Kjell Brygfjeld, a 67-year-old commercial lawyer in Stavanger, the oil capital of Norway, never expected the aftershocks from last July’s failed military coup in Turkey to reach his door.
But after President Recep Tayyip Erdogan hit back hard, purging more than 100,000 alleged plotters and opponents from Turkey’s armed forces and other public bodies, that was exactly what happened.
Last November, four Turkish officers attached to a Nato base near the city asked Mr Brygfjeld to oversee their application to Oslo for political asylum. Since 1982, he has worked for asylum-seekers, in recent years mostly Syrians, Afghans and Iraqis. He took the case.
One of the officers had been dismissed from Turkey’s military. The other three had been ordered home from Nato postings at Stavanger. Instead of returning “they decided to defect”, Mr Brygfjeld says. “They considered they could be arrested at the airport and brought to jail, with no possibility to get in touch with lawyers.”
After months of uncertainty, Oslo granted Mr Brygfjeld’s clients and their families political asylum in March this year. “They have continued to live as normally as they could, living from savings, selling cars and assets,” he says. “They are being taken care of by the relevant authorities.”
But Turkey’s foreign ministry was not pleased. It summoned the Norwegian ambassador, saying it was “regrettable and unacceptable” that a Nato ally had supported the officers over the Turkish state.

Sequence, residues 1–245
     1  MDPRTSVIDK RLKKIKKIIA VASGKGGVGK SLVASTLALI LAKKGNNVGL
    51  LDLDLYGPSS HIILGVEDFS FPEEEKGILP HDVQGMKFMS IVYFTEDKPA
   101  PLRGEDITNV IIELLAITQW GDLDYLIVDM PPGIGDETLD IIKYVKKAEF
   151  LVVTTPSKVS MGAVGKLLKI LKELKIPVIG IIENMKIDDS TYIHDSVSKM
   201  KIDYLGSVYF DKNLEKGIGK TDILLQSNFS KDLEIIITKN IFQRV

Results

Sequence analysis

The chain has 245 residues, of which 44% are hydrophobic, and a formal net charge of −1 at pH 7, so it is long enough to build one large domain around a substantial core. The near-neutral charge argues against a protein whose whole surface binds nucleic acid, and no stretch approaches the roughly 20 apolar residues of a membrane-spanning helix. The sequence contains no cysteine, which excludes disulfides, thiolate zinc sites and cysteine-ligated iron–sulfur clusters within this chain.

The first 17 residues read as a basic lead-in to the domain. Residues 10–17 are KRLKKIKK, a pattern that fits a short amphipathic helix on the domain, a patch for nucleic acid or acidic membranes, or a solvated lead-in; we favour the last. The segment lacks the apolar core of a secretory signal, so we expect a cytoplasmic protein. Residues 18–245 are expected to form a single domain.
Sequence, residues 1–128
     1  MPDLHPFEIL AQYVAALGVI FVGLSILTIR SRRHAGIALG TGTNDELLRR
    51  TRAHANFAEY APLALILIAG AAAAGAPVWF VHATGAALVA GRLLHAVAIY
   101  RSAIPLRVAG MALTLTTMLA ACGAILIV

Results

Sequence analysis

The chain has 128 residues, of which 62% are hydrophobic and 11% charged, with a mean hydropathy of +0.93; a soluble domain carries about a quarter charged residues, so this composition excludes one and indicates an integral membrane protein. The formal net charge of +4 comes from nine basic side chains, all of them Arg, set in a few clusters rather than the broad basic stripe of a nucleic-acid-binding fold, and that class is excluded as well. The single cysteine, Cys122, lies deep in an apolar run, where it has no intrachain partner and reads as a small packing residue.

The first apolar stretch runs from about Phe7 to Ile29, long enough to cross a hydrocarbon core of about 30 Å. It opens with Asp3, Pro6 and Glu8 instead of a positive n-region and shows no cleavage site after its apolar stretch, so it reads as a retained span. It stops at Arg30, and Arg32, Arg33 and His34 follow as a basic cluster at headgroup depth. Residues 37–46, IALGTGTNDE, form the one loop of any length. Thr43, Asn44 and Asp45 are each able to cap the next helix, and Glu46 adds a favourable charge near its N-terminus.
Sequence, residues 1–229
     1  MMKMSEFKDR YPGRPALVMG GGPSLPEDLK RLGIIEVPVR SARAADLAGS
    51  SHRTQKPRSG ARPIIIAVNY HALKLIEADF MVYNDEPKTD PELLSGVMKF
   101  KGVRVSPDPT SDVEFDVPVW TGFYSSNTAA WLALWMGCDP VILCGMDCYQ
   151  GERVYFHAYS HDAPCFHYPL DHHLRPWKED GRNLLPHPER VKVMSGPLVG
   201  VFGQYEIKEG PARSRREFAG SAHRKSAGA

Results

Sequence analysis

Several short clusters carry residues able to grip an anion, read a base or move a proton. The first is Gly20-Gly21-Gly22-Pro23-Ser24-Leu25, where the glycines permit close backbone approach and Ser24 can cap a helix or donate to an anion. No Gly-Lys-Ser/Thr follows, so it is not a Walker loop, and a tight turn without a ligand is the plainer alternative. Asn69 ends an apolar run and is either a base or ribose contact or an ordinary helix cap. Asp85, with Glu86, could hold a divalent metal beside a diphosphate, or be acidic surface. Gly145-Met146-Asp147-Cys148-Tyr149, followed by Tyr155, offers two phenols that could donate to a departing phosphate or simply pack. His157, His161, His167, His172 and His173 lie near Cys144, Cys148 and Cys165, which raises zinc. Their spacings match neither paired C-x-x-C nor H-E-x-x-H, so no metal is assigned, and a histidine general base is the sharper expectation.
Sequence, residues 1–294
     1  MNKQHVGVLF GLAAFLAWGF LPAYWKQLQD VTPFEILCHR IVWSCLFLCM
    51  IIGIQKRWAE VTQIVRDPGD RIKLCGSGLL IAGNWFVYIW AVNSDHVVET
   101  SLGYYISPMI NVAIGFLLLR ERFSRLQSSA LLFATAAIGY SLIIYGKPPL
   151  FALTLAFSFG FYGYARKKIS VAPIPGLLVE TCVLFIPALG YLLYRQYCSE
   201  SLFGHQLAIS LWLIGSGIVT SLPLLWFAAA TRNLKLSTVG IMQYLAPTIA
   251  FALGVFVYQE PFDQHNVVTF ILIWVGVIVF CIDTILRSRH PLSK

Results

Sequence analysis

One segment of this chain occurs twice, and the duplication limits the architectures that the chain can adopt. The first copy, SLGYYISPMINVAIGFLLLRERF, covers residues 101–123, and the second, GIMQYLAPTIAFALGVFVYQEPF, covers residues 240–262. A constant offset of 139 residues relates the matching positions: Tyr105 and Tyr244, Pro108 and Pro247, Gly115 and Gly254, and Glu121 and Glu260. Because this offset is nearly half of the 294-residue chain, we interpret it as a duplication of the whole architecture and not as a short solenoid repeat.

The drama in Stavanger is part of a pattern emerging elsewhere in Europe. In May, Germany granted asylum to hundreds of Turkish officers and diplomats targeted by the purge. More than 100 soldiers have applied for asylum in Belgium, where Nato has its political headquarters in Brussels, and its European military command near Mons.
The crackdown on dissent went far beyond the military, to include more than 4,000 judges and prosecutors — and many thousands of police, civil servants, academics and journalists.
In April, Mr Erdogan narrowly won public approval for a constitutional overhaul that takes the country further towards autocratic, one-man rule.
Such authoritarian moves have increased the tensions between Turkey and its Nato allies, who have begun to raise concerns about the erosion of democracy, the rule of law and individual liberty that the country pledged to uphold when it joined the transatlantic alliance in 1952. They have also compounded the breakdown of Turkey’s long-stalled EU membership bid, increasing pressure for talks with Brussels to be formally suspended….
The military ramifications of the purge for Turkey’s army and its Nato presence are serious. Analysts reckon Mr Erdogan’s government has sacked 40 per cent of the generals and admirals in the armed forces, with some 400 military personnel removed from their Nato posts.
“There is real concern that basically they have emptied the Turkish military of its upper commanding level, so you have a military that is very weakened,” says Fabrice Pothier, non-resident senior fellow at the Atlantic Council, a think-tank based in Washington DC and a former head of policy planning at Nato….
[A]n official in Turkey’s defence ministry insists that all purged Nato officers are “affiliated” with Feto — or Fethullah Terrorist Organisation, a government acronym applied to supporters of Mr Gulen.
“We deplore the acceptance by a number of EU countries of asylum applications of former military officers who are affiliated with Feto,” the official wrote in an email to the Financial Times. “Accepting these applications is against the spirit of alliance.”